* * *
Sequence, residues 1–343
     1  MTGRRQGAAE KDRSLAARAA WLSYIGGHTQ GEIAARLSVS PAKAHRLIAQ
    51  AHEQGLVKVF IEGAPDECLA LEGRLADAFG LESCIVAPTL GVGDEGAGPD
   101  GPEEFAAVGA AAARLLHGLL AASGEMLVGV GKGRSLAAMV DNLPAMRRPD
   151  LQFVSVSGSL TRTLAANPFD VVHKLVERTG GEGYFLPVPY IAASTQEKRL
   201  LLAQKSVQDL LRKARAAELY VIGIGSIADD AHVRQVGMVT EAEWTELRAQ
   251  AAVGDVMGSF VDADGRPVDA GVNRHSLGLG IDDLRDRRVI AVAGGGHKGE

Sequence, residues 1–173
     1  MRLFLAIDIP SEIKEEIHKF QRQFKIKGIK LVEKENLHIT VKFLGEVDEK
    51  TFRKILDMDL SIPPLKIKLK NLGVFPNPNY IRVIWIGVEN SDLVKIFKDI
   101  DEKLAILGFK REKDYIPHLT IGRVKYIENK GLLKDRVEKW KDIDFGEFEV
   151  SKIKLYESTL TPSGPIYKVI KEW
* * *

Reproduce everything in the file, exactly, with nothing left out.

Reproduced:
Sequence, residues 1–343
     1  MTGRRQGAAE KDRSLAARAA WLSYIGGHTQ GEIAARLSVS PAKAHRLIAQ
    51  AHEQGLVKVF IEGAPDECLA LEGRLADAFG LESCIVAPTL GVGDEGAGPD
   101  GPEEFAAVGA AAARLLHGLL AASGEMLVGV GKGRSLAAMV DNLPAMRRPD
   151  LQFVSVSGSL TRTLAANPFD VVHKLVERTG GEGYFLPVPY IAASTQEKRL
   201  LLAQKSVQDL LRKARAAELY VIGIGSIADD AHVRQVGMVT EAEWTELRAQ
   251  AAVGDVMGSF VDADGRPVDA GVNRHSLGLG IDDLRDRRVI AVAGGGHKGE

Sequence, residues 1–173
     1  MRLFLAIDIP SEIKEEIHKF QRQFKIKGIK LVEKENLHIT VKFLGEVDEK
    51  TFRKILDMDL SIPPLKIKLK NLGVFPNPNY IRVIWIGVEN SDLVKIFKDI
   101  DEKLAILGFK REKDYIPHLT IGRVKYIENK GLLKDRVEKW KDIDFGEFEV
   151  SKIKLYESTL TPSGPIYKVI KEW